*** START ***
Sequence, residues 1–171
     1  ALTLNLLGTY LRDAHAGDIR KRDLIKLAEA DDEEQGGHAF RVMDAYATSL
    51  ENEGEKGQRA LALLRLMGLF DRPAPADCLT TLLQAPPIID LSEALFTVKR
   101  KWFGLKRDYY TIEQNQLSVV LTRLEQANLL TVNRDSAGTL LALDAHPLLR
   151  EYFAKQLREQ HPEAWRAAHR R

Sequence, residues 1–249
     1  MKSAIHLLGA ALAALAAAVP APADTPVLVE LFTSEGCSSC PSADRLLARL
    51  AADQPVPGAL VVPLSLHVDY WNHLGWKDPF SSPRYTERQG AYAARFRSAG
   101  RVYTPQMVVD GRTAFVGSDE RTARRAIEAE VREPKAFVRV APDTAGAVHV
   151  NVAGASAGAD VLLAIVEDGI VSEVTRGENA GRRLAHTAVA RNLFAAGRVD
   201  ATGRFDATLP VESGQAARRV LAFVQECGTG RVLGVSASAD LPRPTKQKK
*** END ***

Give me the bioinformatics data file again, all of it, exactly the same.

Sequence, residues 1–171
     1  ALTLNLLGTY LRDAHAGDIR KRDLIKLAEA DDEEQGGHAF RVMDAYATSL
    51  ENEGEKGQRA LALLRLMGLF DRPAPADCLT TLLQAPPIID LSEALFTVKR
   101  KWFGLKRDYY TIEQNQLSVV LTRLEQANLL TVNRDSAGTL LALDAHPLLR
   151  EYFAKQLREQ HPEAWRAAHR R

Sequence, residues 1–249
     1  MKSAIHLLGA ALAALAAAVP APADTPVLVE LFTSEGCSSC PSADRLLARL
    51  AADQPVPGAL VVPLSLHVDY WNHLGWKDPF SSPRYTERQG AYAARFRSAG
   101  RVYTPQMVVD GRTAFVGSDE RTARRAIEAE VREPKAFVRV APDTAGAVHV
   151  NVAGASAGAD VLLAIVEDGI VSEVTRGENA GRRLAHTAVA RNLFAAGRVD
   201  ATGRFDATLP VESGQAARRV LAFVQECGTG RVLGVSASAD LPRPTKQKK